"It's so peaceful. It’s quiet, and all you hear is the paddles hitting the water together,” she says, describing marvelous encounters with dolphins and turtles. Now that her kids are grown, she has more time to walk—she clocks more than 1,000 miles a year on foot—and to paddle. She also appreciates the social aspect of paddling, a sport that encompasses all ages and all kinds of people.
Several of Bauman’s teammates have become close friends on land as well. “It’s reassuring to know that we are a support system for each other any time any of us have problems—like health problems, which are common, unfortunately, as you get older,” she says.
“Longhi died of a heart attack paddling his one-man. Fell off the boat. Another one had a heart attack right here. We start losing our colleagues when we’re in our 50s and 60s,” she says, looking down at the sand. “That was years ago, but we never forget.”
Asked what the best paddling advice he ever received is, Uncle Randy pauses before blurting, “Show up for practice!”
Sanborn credits his cousin, renowned beach boy Blue Makua, for teaching him technical skills like how to rig the ‘ama, the outrigger, to the canoe’s hull. These are skills that you can’t learn from books, and he passes this valuable knowledge on to younger generations. “He’s a legend. There’s only one person like that,” Sanborn says of his late cousin. Each year, he holds a popular Masters race in honor of Blue Makua.
Manu’s 170 members—more than sixty of them kids—hold Uncle Randy in the same high regard. His volunteer commitment to his paddlers, ranging from ages 8 to 71, reflects the selfless service he gave for twenty-five years as a firefighter. At regattas, he and his wife of forty-six years, Aloha (presiding secretary of the Na ‘Ohana O Na Hui Wa‘a Association) are the first to arrive and the last to leave. He’s the one who shuttles the club’s canoes to rotating regatta sites around the island. When everyone gathers to make laulau for club fundraisers, he brings the pork, teaches everyone how to tie the ti leaf bundles and mans the giant steamer. Each year, he hosts a big lü‘au after the club’s home regatta. His generosity makes his paddlers feel privileged—when you’re part of Uncle Randy’s club, you’re part of his paddling ‘ohana.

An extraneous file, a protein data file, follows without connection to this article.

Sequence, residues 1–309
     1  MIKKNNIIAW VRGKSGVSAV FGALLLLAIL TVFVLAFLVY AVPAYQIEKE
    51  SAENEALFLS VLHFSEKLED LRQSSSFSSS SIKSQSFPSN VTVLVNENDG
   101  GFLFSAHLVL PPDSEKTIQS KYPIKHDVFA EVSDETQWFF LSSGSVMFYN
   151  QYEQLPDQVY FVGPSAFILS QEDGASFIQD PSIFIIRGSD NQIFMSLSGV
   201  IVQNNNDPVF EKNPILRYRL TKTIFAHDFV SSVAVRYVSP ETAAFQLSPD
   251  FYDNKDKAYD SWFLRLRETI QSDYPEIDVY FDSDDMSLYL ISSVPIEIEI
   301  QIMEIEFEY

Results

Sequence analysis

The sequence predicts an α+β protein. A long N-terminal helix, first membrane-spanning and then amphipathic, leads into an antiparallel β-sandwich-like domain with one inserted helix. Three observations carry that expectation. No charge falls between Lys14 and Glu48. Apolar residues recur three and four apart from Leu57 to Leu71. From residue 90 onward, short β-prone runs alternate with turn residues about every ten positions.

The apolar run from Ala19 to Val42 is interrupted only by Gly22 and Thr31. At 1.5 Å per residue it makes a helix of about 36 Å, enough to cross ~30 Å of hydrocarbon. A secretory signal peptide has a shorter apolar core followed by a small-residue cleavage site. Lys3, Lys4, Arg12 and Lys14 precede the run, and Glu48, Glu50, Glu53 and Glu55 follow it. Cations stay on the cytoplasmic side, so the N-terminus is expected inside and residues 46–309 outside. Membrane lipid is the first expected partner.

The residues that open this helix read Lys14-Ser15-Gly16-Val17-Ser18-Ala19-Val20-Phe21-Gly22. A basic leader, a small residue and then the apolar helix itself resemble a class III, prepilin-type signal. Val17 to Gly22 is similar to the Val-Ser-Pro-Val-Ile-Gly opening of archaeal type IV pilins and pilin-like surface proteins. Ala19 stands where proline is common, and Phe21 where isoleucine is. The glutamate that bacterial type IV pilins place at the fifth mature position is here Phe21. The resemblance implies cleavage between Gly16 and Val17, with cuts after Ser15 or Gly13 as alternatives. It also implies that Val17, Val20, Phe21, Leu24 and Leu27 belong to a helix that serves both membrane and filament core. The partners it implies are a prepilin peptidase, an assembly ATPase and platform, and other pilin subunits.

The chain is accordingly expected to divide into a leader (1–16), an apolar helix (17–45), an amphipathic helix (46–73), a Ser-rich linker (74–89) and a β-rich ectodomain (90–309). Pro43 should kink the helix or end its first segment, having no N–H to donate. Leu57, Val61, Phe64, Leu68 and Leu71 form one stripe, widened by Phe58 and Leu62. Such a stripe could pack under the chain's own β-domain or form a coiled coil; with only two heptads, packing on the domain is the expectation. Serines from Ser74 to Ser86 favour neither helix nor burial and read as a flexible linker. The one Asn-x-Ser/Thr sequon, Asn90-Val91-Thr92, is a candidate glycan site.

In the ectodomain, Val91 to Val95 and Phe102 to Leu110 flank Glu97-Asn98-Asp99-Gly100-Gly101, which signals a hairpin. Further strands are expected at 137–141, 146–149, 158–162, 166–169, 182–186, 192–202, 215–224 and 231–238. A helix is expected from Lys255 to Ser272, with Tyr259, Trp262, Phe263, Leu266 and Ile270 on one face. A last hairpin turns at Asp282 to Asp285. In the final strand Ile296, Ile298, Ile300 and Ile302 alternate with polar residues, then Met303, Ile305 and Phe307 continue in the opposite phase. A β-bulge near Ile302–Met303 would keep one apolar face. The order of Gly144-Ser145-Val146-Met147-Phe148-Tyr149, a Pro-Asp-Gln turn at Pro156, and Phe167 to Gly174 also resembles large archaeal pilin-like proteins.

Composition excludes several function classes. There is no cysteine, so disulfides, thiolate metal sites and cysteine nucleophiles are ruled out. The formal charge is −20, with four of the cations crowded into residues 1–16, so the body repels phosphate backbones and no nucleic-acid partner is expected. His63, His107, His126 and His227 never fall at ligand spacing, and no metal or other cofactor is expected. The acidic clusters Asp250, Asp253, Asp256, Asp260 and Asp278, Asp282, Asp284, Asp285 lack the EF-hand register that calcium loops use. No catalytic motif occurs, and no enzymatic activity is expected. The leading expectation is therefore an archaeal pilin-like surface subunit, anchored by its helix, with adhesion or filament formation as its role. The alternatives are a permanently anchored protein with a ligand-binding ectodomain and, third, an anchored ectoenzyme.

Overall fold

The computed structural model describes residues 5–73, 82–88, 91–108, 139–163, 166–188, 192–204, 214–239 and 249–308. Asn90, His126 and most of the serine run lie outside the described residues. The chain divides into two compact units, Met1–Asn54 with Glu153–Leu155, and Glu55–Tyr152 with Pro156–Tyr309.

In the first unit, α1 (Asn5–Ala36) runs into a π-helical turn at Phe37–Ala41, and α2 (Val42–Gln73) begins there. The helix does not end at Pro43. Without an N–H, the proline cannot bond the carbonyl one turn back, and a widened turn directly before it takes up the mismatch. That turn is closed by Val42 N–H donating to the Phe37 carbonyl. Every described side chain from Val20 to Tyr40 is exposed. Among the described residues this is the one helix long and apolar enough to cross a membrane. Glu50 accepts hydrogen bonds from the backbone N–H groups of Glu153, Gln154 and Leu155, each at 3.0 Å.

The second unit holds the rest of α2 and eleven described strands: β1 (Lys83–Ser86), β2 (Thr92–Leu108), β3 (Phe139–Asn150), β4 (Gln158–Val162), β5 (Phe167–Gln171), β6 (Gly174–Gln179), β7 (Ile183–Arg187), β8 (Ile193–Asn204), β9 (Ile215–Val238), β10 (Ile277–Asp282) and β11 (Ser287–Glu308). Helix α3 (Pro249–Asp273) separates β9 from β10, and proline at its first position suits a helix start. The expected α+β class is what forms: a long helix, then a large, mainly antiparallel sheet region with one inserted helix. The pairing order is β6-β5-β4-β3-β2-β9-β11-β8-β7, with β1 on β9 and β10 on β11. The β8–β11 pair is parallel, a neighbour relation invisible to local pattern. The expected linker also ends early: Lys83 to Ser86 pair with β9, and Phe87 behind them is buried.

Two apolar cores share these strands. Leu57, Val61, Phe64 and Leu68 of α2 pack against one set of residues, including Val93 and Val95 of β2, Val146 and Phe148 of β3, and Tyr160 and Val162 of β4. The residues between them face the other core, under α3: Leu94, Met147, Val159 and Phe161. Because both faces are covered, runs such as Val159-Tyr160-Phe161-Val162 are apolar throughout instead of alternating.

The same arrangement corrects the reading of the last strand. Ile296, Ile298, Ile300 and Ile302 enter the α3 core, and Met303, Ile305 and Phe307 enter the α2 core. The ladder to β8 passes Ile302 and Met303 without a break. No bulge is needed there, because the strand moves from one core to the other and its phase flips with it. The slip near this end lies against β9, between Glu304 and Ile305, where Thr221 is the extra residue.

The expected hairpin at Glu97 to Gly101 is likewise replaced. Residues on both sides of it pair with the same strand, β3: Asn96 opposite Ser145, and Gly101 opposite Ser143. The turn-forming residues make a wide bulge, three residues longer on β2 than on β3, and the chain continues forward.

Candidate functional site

Coaching with encouragement and good humor—“Drunk driver!” he’ll shout when a novice canoe swerves down the race lane—Sanborn cultivates new crews that understand the values of teamwork, devotion and good sportsmanship.
“Respect,” says 23-year-old Mato Park without hesitation when asked what she has learned from eight years of paddling under Uncle Randy’s tutelage, starting when she was a high school sophomore. Now she steers the open women’s crew. “Uncle Randy taught us respect. Not just for other paddlers. He makes us take care of the things we use.” She rattles off other values: teamwork, dedication, work ethic. “He also teaches us to work with what we’ve got,” she says. “He’s so fair to everyone. It’s surprising how far you can go with that attitude.”
Then she smirks, adding, “Nah, what he really taught me was how to yell!”
“You mean, how to be heard,” a smiling fellow crewmember chimes in. They’re referring to the steersperson’s duty to not only navigate but also to cheerlead.
“Canoe paddling, you always learn. New techniques, new styles of paddles, new rules. It never stops,” Sanborn says. He emphasizes it’s all about having fun. “If you don’t enjoy yourself, no sense paddle. Find another sport. Play ping-pong or something—you know what I mean?” HH